Thoughts About Cord Blood Banking

Updated on September 07, 2011
L.B. asks from Medford, MA
29 answers

Hi Moms-
I am due with my first child in early June and I doing some research about cord blood banking. Does anyone have thoughts about or experiences with cord blood banking? It is a bit costly, but it seems to be worth it. Any suggestions would be welcome. Many thanks!
L. B.

1 mom found this helpful

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So What Happened?

HI everyone-
Thank you all so much for your helpful and thoughtful responses concerning cord blood banking. Hearing other people's opinions have been very useful. I am fairly new to Mamasource and have found it to be a great resource. So, again, thank you!!!

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L.L.

answers from Boston on

Hi L.,
It could be a life saving investment and is well worth the cost. I decided to do this and so have both of my sisters.
Better safe than sorry.
Blessings.

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J.F.

answers from Springfield on

L., this is the advice that my OB/GYN explained it to me when I asked:
Saving the cord blood is like a back up in case the child develops some kind of disease or illness. However, the most terminal diseases and illnesses are carried in the child's chromosomes (which is why they look for outside donors. So, the blood from the cord would contain the makings for this disease or illness and would actually be of no use.

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N.K.

answers from Barnstable on

It is a bit costly, but I thought it was worth it. I used CBR, and have had a positive experience. Luckily I have not needed to use any of it yet. If you decide to go with them, I would love to give you a referal (free year of storage).

-N. K.

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K.C.

answers from Boston on

Hi L.,
My daughter will be 4 this coming September and I had many thoughts and questions about Cord Blood Banking. After a doctors visit and a ton of research my husband and I decided that it was best for our family. Since September of 2004, they have found that the cord blood helps if not reverses many diseases. What the future holds for Cord Blood is still unknown but it is a gift you can never buy, trade or even beg for, it is a one time offer, collected at the time of birth. We felt it was one thing we could do for our daughter if heart disease, diabetes or even cancer was to strike her in the future, it maybe an answer for her health and well being. We use ViaCord Blood Bank, they have been awesome.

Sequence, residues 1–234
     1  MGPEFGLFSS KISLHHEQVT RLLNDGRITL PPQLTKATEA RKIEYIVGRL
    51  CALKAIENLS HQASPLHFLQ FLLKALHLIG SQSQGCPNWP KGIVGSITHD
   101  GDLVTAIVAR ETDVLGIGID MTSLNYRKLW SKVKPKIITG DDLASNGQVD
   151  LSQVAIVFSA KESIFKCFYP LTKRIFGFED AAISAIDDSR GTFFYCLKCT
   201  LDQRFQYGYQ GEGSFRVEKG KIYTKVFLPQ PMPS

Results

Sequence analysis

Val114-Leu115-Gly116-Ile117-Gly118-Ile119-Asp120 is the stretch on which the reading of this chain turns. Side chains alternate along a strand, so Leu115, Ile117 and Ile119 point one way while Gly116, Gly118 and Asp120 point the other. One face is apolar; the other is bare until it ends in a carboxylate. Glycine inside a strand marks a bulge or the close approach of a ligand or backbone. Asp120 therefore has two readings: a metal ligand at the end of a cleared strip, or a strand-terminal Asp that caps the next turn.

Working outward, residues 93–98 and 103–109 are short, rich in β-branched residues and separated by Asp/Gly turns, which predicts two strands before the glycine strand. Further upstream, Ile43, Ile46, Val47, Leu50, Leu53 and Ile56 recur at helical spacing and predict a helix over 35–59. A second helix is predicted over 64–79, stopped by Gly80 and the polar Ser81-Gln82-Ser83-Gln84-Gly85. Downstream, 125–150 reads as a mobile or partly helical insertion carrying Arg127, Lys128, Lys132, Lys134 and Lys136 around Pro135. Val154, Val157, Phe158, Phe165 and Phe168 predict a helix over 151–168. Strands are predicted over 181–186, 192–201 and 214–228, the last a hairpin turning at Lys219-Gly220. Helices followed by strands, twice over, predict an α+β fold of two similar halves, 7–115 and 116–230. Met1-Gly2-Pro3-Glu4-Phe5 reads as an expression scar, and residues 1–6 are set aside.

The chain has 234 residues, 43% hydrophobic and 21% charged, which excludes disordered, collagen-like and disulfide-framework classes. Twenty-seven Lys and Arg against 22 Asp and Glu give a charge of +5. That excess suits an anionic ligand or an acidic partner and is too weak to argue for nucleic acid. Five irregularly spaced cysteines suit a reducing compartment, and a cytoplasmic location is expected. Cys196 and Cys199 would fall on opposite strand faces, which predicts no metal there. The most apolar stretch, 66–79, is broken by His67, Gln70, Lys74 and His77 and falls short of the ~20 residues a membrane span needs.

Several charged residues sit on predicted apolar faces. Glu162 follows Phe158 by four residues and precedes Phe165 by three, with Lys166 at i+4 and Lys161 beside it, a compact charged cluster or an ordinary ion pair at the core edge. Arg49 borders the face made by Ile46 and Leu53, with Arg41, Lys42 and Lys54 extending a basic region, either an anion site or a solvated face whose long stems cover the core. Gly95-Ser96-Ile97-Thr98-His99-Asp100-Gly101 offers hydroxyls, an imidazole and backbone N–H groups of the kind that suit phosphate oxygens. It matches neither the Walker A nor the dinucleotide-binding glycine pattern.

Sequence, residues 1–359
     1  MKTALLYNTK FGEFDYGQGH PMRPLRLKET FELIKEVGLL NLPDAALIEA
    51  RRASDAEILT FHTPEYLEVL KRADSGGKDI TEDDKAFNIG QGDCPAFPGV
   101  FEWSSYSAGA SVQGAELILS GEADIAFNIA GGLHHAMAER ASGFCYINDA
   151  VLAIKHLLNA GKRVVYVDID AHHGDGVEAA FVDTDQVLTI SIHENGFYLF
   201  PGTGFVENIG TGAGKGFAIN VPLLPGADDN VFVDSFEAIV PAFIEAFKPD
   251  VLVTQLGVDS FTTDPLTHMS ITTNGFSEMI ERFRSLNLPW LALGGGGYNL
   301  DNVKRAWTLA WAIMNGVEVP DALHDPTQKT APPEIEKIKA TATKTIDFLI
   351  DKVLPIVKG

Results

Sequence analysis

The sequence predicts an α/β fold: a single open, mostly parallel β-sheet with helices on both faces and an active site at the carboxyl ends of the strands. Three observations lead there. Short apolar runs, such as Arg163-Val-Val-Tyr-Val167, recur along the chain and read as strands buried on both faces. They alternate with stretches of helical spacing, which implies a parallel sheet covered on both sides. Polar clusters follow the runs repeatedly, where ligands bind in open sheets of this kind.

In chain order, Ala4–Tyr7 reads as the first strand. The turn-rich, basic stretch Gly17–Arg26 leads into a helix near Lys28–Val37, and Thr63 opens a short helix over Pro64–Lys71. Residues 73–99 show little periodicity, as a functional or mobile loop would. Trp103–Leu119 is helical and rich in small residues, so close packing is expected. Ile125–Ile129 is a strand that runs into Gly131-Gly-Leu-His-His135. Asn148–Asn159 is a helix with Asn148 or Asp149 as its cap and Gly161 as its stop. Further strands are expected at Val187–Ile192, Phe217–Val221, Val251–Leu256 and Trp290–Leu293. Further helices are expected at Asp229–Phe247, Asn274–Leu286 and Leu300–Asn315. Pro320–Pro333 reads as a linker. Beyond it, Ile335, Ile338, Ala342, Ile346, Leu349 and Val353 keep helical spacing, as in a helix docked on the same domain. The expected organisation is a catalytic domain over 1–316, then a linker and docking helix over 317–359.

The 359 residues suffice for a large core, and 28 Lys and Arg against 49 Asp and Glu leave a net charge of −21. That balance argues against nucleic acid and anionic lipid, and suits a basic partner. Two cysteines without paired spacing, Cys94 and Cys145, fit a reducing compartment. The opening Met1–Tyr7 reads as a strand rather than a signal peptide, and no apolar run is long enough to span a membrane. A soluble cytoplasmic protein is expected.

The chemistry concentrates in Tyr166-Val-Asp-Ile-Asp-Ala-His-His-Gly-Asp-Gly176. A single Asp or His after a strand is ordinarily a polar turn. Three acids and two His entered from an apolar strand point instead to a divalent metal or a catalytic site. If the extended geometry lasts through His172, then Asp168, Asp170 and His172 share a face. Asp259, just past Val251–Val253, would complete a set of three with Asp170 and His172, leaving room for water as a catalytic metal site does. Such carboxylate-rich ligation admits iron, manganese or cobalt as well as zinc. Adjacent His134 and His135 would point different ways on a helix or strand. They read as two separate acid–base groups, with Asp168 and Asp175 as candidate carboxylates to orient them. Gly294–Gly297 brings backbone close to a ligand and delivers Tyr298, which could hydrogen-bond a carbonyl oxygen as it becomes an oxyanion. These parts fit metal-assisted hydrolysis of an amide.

Good luck with your decision and feel free to contact me if you have any other questions. [email protected]____.com

1 mom found this helpful
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A.P.

answers from Providence on

I banked both of my children's cord blood and will be banking the 3rd as well. The way I see it, I really hope it turns out to be a big waste of money! It's an insurance policy you don't ever want to use, if you know what I mean. I felt it was so valuable and I have peace of mind if God forbid I ever need it. I just don't think I could gamble with that kind of thing, again, knowing that for some people it truly is cost prohibitive.
Do the research for the different banks. There are different costs. Also, we went through a company called Alphacord. They have contracts with several different banks and provide information which makes it easy to compare, and then they discount the lab prices (like a broker). For example, their yearly storage is 99 dollars vs. 120 at most banks - and you aren't actually using their bank you are using a bank which has a 120 dollar fee. We ended up choosing the Bergen County NJ Elie Katz cord blood bank which is only available to residents within 50 miles of there, unless you go through a company like Alphacord.
Good luck with whatever you choose.
One more thing - to ANYONE who is not saving their child's cord blood for whatever reason, you can donate it at no cost to you. It can then be used for research or to save someone else's child if it is ever a match - maybe even your own (again, I hope you never need it).

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K.B.

answers from Providence on

I have always wanted to do Cord banking, but just couldn't afford it. (and have always felt guilty afterward--what if something happens??)
But I was just recently at a Baby Fair, and I met someone who gave me info, about teeth banking. I had just read an article about a childs 4 top & 4 bottom baby teeth have stem cells in them. You can talk to your dentist about this option (it was alot cheaper!!) The only thing is, the dentist has to extract the baby tooth before it falls out on it's own. But I'll tell you---------from someone who used to do this---to pull a baby tooth out -(-when it is already barely hanging on)
is nothing--the root is already worn away--because the adult tooth is coming behind it--They don't even have to numb the child, it is a very easy job--Look into it.

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J.P.